And they would’ve never happened without censorship.

The screwball comedy is the biggest, brightest silver lining of the production code.  

See, a screwball comedy is a romantic comedy that tells a love story without breaking the rules of the code—no steamy kisses, no couples shown in the same bed, no frank foreplay.

The screwballs are sex comedies without the sex.

In lieu of sex, they manipulate each other, pull each other into harebrained schemes, and almost always someone falls down or gets wet.

But most of all, they bicker.

And drive one another insane.

And thus, prove their love.

It’s the perfect mix of physical comedy and romance.

They range from wry to out-and-out and slapstick.

And today, we’re going to cover two of the most outrageous examples, with heroines who are practically deranged and the men who have the misfortune to fall in love with them.

Bringing Up Baby is the story of David Huxley (Cary Grant), a scientist trying to secure a million dollar grant for his museum, and the chance encounter with Susan Vance (Katharine Hepburn) that will change his life.  The flighty Susan soon charms and exasperates David into a series of misadventures revolving around her quest to deliver a pet leopard to her aunt.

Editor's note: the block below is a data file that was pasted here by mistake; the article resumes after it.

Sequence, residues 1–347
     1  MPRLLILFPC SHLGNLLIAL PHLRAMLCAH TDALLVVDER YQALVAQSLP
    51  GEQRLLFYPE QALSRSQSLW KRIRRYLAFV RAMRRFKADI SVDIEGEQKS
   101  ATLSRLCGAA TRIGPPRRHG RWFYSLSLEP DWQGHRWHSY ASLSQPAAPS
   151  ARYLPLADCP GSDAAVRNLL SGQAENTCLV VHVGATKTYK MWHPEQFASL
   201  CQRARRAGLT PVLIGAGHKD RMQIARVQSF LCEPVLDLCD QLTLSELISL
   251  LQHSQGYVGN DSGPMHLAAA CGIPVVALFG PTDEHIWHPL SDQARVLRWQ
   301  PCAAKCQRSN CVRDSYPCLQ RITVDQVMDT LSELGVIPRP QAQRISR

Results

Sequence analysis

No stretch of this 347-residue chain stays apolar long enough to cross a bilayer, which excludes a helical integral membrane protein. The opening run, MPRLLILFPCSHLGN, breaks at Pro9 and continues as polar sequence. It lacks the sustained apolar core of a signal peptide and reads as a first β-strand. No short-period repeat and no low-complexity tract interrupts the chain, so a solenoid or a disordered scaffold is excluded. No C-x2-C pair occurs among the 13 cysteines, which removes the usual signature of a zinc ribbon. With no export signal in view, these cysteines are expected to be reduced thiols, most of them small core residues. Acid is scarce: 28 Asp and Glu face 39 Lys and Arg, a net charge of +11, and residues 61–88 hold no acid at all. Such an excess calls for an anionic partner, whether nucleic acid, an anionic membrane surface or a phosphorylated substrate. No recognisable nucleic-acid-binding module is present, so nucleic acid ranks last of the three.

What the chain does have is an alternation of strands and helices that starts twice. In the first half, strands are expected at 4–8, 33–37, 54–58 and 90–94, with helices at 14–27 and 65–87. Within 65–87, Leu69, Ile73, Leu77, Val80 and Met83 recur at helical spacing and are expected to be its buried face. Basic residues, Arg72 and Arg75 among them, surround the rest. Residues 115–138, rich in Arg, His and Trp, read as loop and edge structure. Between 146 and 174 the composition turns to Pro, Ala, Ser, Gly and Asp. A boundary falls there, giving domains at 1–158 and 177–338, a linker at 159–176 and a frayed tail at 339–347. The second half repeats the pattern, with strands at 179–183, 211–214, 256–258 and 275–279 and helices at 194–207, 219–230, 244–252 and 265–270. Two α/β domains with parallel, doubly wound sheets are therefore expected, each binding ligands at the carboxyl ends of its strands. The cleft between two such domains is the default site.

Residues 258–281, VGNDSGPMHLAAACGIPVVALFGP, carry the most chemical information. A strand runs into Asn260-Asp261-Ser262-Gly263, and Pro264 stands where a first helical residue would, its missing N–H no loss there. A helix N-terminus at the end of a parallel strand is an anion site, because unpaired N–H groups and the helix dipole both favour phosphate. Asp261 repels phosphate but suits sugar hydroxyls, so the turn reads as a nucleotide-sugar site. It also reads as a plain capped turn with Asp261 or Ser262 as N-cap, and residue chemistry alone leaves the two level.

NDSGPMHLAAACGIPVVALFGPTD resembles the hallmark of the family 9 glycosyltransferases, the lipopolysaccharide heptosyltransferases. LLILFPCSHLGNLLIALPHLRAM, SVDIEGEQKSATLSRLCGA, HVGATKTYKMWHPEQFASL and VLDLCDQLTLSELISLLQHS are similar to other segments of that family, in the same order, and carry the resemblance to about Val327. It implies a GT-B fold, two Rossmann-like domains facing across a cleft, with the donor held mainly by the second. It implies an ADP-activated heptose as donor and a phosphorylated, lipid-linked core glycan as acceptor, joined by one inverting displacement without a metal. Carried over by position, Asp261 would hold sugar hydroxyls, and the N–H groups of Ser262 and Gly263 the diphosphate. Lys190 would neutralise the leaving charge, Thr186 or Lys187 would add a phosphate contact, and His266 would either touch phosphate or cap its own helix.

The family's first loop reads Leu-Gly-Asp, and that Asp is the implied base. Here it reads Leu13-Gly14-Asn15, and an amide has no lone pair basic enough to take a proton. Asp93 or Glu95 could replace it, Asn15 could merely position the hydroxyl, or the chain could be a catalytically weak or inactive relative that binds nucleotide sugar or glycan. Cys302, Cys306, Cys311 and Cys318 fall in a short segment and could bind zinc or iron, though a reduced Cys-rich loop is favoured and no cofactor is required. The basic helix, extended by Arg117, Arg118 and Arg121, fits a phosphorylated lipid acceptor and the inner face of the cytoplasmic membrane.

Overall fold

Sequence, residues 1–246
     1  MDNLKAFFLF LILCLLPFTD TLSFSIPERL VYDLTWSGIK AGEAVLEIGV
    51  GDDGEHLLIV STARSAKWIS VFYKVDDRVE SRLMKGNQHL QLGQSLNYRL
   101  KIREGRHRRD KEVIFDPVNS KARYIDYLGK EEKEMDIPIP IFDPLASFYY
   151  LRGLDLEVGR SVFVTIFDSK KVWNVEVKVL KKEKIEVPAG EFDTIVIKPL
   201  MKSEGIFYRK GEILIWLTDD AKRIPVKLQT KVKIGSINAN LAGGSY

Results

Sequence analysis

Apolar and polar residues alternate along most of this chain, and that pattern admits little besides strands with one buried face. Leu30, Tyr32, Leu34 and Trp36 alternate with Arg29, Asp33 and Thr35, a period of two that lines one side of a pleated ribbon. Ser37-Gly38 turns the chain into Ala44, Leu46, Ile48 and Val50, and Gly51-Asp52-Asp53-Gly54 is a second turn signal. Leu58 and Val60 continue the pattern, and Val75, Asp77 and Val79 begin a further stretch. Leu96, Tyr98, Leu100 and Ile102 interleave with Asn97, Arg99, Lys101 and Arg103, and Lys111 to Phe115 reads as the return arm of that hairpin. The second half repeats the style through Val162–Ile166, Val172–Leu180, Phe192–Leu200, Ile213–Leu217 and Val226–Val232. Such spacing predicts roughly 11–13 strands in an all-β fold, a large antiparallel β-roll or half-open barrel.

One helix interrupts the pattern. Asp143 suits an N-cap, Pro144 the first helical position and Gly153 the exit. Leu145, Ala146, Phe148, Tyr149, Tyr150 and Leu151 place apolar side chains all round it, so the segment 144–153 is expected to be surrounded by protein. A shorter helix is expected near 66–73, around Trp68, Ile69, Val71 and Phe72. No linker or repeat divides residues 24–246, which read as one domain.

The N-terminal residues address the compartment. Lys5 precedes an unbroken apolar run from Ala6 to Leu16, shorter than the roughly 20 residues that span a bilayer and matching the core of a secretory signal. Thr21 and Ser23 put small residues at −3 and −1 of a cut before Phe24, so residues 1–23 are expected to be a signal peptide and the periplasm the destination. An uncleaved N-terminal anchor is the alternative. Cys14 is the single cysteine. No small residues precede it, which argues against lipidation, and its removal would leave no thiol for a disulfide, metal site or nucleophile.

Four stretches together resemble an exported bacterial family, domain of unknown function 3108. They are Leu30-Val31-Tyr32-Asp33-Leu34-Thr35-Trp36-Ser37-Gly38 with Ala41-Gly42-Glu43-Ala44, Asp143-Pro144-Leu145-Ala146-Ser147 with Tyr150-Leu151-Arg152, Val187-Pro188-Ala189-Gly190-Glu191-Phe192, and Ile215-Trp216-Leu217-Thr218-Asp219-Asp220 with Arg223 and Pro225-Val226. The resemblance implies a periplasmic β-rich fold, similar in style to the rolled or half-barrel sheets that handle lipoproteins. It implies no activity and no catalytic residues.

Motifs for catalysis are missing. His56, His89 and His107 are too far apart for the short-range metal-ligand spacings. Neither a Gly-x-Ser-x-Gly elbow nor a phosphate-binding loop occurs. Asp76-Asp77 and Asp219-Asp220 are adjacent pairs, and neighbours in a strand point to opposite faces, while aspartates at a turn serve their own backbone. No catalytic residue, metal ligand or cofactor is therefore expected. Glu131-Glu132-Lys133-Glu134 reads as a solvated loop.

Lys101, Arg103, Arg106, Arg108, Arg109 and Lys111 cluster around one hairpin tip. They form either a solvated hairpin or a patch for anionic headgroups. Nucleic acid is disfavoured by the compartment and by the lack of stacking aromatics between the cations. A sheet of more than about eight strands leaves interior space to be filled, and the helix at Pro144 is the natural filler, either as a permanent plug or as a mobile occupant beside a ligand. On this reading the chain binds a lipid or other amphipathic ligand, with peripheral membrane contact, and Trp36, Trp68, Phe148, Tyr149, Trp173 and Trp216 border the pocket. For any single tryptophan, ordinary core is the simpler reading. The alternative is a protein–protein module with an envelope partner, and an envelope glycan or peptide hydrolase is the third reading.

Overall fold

David is to be married to someone else the day that Susan whisks him away, and fortunately he discovers he loves Susan before it’s too late.

Screwballs are best when the leads are playing off one another, a rat-a-tat-tat rhythm of words ping-ponging between the two.

Bringing Up Baby is a beloved screwball comedy today, but it was a flop back in it’s day.  It was one of the movies that would label Katharine Hepburn as “box office poison” and send her temporarily back east before her triumphant comeback.

Katharine Hepburn had such a persona of a strong woman both on and offscreen that audiences just couldn’t quite buy her as a ditz.  And while her Susan successfully irritated David, she also irritated the audience.

Bringing Up Baby was the first classic film I ever watched, and I remember loving it.  I was probably nine or ten at the time, and I’d never seen anything like it.  I was mesmerized by the black and white film, by Hepburn’s crazy accent, by Cary Grant’s charm.  I fell in love with old movies right then.

But I have to admit that rewatching it, I can understand why audiences turned away from it.  Katharine Hepburn will never be flighty, and she is irritatingThe shenanigans go on for a bit too long and at times the film is just too crazy.  There are so many truly outstanding screwballs that I regret to say that I can’t really recommend you start with this one.

My Man Godfrey is a much better deranged dame screwball (the dames aren’t always deranged, as we’ll see in future posts).  Carole Lombard plays Irene Bullock, a spoiled rich girl who employs William Powell’s Godfrey when she discovers he is a down-on-his-luck man living in the town dump during the Depression.